It was a new concept, with a relatively short deadline, so the Tilling team worked closely with Australand, engineering consultants IrwinConsult and the architect firm SJB to get the job done. They knew the TecBeam and their LVL floor systems would work in this new application, but they needed to show how, and to come up with ways to make it easy for the builder.

"We went all-in," says Kay. "Testing, building... all the things that you perhaps shouldn't do, because it wasn't planned. But maybe that made things go better: everybody just got into it and we pulled it off."

The build represented more than just an engineering challenge for the Tilling team.

Timber for Major Mid-Rise Buildings from The Tilling Group
The WoodSolutions Demonstration Model at Holmesglen.

"It saw us move into the fabrication space," says Kay. "For The Green, it was all about time frames and experimenting, but on the builds we've done subsequently, we've seen that the fabricator and, even more so, the builder has been taken out of his or her comfort zone with this type of work. We know that human nature means that when you hit any impediment, you'll say 'Oh, that's all a bit too hard' and revert back to what you know. We identified that we needed to make it as seamless as possible for them and started fabricating elements such as our floor cassettes, so we can provide a one-stop shop for those elements."

Australand came out of the build a strong supporter of timber materials and systems.

"They were big advocates," says Kay. "They were able to show the cost benefit analysis because they built another building in concrete beside it at the same time. The construction time on the timber build was so much better. It had one level of concrete at the base, then four levels timber-framed with 900m² per level residential, including 283 prefabricated TecBeam and LVL floor cassettes and prefabricated timber wall framing. Those four levels of timber were constructed in six weeks. Some of the studs in the very lowest sections were LVL, as the build moved up and the stresses became less, we were able to go to framing timber."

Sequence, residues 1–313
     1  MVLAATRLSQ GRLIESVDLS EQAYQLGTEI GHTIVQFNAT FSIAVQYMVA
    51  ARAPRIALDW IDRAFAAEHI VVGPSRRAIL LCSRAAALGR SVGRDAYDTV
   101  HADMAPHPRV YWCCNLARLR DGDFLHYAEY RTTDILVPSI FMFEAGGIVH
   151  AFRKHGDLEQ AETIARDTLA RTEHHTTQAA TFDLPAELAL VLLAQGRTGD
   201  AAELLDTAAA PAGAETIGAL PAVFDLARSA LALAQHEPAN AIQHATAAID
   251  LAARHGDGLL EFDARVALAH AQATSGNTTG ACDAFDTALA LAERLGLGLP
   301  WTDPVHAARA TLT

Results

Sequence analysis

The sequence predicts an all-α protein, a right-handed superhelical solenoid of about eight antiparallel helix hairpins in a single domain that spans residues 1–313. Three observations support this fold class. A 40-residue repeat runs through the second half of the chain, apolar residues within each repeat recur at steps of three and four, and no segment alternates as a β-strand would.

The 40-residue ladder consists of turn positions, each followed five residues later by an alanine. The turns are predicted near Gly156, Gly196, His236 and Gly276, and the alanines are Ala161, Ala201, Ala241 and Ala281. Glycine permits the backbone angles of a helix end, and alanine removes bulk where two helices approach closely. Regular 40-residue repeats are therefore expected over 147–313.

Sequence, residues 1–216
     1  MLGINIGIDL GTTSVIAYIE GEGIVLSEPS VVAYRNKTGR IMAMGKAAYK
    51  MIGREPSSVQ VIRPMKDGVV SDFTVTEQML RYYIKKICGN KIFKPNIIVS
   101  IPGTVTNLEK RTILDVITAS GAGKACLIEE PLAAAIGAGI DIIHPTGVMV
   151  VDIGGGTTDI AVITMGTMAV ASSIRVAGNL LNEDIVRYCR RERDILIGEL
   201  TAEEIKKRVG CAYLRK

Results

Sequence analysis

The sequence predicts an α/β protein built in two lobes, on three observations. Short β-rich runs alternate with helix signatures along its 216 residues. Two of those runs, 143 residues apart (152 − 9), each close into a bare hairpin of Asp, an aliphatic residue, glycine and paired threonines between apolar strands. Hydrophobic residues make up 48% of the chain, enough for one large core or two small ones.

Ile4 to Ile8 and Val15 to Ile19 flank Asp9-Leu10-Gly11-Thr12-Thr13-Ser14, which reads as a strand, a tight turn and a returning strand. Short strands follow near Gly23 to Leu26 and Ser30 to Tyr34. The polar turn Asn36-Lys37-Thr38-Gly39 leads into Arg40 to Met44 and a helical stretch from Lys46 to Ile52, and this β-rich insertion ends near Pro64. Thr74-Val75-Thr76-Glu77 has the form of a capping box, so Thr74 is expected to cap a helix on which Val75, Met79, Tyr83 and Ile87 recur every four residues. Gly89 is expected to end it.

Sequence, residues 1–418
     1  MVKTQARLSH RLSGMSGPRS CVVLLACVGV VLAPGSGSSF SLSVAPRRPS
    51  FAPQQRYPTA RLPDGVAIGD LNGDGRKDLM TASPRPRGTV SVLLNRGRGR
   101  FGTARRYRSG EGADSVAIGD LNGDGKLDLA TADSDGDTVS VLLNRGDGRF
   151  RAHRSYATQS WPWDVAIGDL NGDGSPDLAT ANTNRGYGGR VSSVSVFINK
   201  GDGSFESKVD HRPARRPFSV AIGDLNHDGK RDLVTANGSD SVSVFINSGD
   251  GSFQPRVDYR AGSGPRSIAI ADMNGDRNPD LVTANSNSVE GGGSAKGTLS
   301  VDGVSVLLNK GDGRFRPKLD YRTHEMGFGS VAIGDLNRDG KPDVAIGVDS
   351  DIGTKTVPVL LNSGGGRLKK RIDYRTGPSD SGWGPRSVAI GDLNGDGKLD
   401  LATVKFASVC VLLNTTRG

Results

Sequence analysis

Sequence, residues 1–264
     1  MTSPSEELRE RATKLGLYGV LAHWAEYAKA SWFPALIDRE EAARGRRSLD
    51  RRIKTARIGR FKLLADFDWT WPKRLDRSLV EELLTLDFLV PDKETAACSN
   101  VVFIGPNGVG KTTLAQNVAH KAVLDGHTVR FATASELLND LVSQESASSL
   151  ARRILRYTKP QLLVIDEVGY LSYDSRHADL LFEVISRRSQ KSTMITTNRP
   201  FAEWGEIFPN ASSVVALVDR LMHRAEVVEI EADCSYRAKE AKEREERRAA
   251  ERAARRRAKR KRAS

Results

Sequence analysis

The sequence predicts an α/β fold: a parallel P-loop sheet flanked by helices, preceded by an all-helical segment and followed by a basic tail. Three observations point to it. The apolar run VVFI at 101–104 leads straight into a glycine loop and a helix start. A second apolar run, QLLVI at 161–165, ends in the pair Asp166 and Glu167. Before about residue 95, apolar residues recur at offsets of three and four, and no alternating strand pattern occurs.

In 2015, Australand was acquired by Singapore-based Frasers Centrepoint, and the team that had helped pioneer the system was no longer there to show off the building and spread the word. The success of the program had already garnered wide attention, though - and the Judges' Innovation award in the 2014 Australian Timber awards - and more designers and builders were set to follow. They just needed a little guidance.

Click here to continue reading, On the up - Part 2/4, or for more information, visit www.tilling.com.au.

TECBUILD Systems Profile

For enquires please contact Jack Haber at Tecbuild Systems on 0411 502 000


TECBUILD Systems Profile

For enquires please contact Jack Haber at Tecbuild Systems on 0411 502 000